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Performance test in Metro 2033

Metro 2033: Benchmarks with DirectX 11 and GPU Physx

Metro 2033 delivers state-of-the-art technology as well as good-looking graphics. PC Games Hardware tested the performance effect of DirectX 11 and GPU Physx.
Metro 2033

The game is based on the 4A Engine, which delivers almost any technical feature possible today. With maxed out settings the PC version looks just stunning. This is cause by the superb lighting with high resolution textures, GPU Physx, Hardware Tessellation, Morphological Anti-Aliasing as well as Direct Compute calculated Depth of Field, Screen-space Ambient Occlusion, sub surface Scattering, Parallax Occlusion Mapping and Object Motion Blur. If you want to know more about the technological base of Metro 2033 we recommend our exclusive tech interview with 4A Games’ Chief Technical Officer Oles Shishkovstov.

Metro 2033: DirectX 9 to DirectX 11 and the detail incident
If you are running Metro 2033 on a DirectX 11 graphics card you get two additional video options: Tessellation and Depth of Field. The latter one is also active in DirectX 10 but the DX11 version is rendered by Direct Compute. In Metro 2033 not only NPCs but also weapons in your hands and certain objects like chairs are tessellated. But the developers did exaggerate a little bit: Like it has been the case in Stalker: Call of Pripyat, the tessellated objects look pumped up. But without a direct comparison you can’t really see the difference anyway. Except the two additional options the DirectX 11 mode offers the same graphics as the DirectX 10 mode and even the performance is on the same level.


Anti-Aliasing compared
Metro 2033


With a DirectX 9 card the game doesn’t just offer less DirectX 11 features but also other visual finesses: You have for example no Multisampling Anti-Aliasing but only the Morphological Anti-Aliasing (called Analytical Anti-Aliasing by 4A Games). Furthermore you don’t get the Object Motion Blur: While Metro 2033 uses only decent blur to illustrate the speed of the player, the fast movements of NPCs or enemies are made more realistic with the effect.



Besides the API specific details Metro 2033 offers either 4x MSAA or AAA as well as 4:1 or 16:1 AF. Additional settings are not available. Furthermore it is not possible to adjust the settings individually. With high instead of very high details for example the engine does not deliver Sub surface Shattering or Motion Blur, the shadows get a little rougher and the AAA as well as the Parallax Occlusion Mapping are missing, too. On the other hand the performance is increased by about 20 percent.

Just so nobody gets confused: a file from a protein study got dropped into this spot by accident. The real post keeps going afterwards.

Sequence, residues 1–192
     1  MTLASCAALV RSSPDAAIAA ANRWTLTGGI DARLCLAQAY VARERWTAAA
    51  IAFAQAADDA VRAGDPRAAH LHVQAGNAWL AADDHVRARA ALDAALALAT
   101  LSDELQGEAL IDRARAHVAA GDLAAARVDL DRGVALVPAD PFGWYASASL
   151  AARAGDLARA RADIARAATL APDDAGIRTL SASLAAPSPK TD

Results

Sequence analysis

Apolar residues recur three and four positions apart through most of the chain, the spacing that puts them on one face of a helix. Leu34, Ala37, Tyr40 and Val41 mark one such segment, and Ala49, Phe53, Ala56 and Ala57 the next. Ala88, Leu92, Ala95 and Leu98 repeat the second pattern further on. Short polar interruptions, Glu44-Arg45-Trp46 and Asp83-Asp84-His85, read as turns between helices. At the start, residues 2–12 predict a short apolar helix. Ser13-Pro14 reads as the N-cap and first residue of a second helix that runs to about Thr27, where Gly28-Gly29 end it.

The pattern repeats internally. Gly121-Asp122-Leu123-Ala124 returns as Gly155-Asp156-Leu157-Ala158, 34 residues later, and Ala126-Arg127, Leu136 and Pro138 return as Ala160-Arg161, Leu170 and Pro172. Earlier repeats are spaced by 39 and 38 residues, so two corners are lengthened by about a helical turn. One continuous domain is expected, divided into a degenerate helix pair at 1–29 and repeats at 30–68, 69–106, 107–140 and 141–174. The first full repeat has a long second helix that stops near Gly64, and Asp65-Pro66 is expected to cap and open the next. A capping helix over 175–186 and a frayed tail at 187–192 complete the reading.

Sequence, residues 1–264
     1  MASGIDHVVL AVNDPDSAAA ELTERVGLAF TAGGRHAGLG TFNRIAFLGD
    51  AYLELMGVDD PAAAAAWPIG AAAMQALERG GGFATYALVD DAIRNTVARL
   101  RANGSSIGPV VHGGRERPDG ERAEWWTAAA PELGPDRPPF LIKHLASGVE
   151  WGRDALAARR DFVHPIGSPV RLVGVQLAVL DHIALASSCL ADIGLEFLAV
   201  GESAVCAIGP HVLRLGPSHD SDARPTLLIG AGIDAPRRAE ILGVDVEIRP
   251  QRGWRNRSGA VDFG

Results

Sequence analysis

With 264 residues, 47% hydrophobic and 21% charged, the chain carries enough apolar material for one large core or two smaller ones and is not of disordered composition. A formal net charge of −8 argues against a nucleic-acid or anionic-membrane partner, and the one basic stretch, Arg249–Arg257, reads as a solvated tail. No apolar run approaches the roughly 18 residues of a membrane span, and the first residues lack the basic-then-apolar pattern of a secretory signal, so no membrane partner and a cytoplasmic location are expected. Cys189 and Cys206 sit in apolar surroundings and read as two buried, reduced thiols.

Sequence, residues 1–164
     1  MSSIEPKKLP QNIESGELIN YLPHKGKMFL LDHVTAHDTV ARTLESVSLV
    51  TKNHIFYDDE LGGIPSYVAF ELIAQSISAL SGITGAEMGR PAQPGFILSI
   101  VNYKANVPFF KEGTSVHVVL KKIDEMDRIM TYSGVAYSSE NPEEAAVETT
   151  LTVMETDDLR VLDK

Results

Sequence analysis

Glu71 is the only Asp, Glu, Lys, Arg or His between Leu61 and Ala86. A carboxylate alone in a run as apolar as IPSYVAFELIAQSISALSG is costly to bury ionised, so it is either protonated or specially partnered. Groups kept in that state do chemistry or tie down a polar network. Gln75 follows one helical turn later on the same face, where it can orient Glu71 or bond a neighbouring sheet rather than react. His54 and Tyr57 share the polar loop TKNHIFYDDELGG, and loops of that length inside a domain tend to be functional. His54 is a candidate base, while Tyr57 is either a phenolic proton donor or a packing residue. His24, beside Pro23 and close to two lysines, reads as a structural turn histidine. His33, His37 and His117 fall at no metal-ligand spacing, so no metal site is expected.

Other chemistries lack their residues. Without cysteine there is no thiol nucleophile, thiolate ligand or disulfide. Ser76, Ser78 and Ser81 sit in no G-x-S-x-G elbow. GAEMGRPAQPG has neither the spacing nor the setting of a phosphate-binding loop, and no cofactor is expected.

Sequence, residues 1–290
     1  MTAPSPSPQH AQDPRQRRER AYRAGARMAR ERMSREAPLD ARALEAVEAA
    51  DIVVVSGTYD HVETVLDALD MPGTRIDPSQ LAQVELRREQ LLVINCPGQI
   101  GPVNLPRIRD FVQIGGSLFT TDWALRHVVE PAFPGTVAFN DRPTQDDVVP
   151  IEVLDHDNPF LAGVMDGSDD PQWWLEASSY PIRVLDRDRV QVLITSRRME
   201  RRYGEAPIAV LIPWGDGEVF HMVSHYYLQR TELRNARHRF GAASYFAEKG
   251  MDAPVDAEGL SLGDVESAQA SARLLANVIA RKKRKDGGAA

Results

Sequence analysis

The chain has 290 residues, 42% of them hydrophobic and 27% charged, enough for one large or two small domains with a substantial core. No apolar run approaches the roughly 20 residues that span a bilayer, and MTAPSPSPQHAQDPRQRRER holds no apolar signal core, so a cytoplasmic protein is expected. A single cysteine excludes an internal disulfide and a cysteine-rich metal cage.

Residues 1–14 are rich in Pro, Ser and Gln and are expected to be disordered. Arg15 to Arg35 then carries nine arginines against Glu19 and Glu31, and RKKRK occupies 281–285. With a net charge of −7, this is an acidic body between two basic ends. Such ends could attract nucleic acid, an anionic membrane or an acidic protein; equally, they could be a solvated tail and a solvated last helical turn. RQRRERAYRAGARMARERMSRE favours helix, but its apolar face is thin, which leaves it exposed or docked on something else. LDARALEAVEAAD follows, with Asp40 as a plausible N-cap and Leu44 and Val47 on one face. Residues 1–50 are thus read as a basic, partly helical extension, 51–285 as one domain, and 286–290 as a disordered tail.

Metro 2033: PCGH benchmark sequence
For our tests we use the beginning of the level Cursed, where we and several NPCs defend a small camp against a horde of Nosalis mutants. The sequence contains all relevant features like Tessellation, Depth of Field, SSAO, Light and Shadow and so on. In matters of workload the scene is a common task and not a worst-case scenario.


Metro 2033

Metro 2033




Picture gallery  (enlarge to view source)

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Author: Marc Sauter (Mar 23, 2010)






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Comments (24)

Comments 21 to 24  Read all comments here!
Sheena Re: Metro 2033: Benchmarks with DirectX 11 and GPU Physx
Junior Member
13.04.2010 07:50
I knew my rig was outdated (E8400 / 2gb DDR2-800 / GTS 250 1GB) but now it's officially dead. On high settings (not very high) DX9 i get around 35-40 fps with dips in the low 20s. And this is at 1280x960 only. Time to upgrade i guess :P
ruyven_macaran Re: Metro 2033: Benchmarks with DirectX 11 and GPU Physx
Super Moderator
25.03.2010 14:42
Quote: (Originally Posted by Unregistered)
Nice try troll.

Metro 2033 Very High shadowmaps: 3072x3072
Crysis Very High shadowmaps: 1024x1024

Gee, I wonder why Metro 2033 is so heavy.

Yeah it must be a console port, since consoles run all their games with 3072^2 shadowmaps.... NOT!


Increasing a resoultion does neither have to give you more details or better looks. It might be requiered to achieve better looks - but wether you display a black square in 4096x4096 or in 2x2, it will always be a black square. If your modells aren't detailed enough, you may set your resolutions to anything you want - aside from reduced aliasing on diagonal components, the graphics won't improve, only the hardwareload will get insanely high.
From the looks of screenshots, Metro 2033 is not such a simply case and seems to use some very fine surface textures as well and makes the effort, to really render round objekcts (e.g. most-of-the-level) as a truly round object, which should create an incredible polygon-load for the GPU. However:
Both elements only improve graphics when really taking a close look. Crysis on the other hand created it's insane hardwareload by rendering an insane amount of vegetation-details. Just as useless in terms of gameexperience, just as impressive in polygon, texture, shader,... numbers - but quite a bit nicer to look at, then high-detail concrete-wall.
dried Re: Metro 2033: Benchmarks with DirectX 11 and GPU Physx
Member
24.03.2010 12:12
Like Yapa said: "it doesnt justify the amount of pressure it puts on the GPU"

@GamerRO25
i would not be so "happy that this game need the latest hardware". According to you, the fps goes down to 20 fps... that makes it unplayable for me.
I have the same spec as you, and if i ever get this game, i wont be playing at max settings at all...

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